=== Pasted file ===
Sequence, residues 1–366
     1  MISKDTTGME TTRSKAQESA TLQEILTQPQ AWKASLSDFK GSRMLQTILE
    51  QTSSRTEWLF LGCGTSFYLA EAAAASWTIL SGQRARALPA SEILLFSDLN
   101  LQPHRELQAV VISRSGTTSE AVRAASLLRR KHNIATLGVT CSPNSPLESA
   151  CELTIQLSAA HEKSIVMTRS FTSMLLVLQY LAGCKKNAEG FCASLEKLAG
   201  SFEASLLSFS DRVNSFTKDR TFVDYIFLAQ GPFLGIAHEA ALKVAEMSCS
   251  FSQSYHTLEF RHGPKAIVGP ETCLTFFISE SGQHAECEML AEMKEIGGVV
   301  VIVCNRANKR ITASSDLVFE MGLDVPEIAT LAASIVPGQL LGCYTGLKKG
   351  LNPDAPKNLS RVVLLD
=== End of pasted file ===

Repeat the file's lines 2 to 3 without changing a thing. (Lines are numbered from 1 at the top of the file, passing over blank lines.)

     1  MISKDTTGME TTRSKAQESA TLQEILTQPQ AWKASLSDFK GSRMLQTILE
    51  QTSSRTEWLF LGCGTSFYLA EAAAASWTIL SGQRARALPA SEILLFSDLN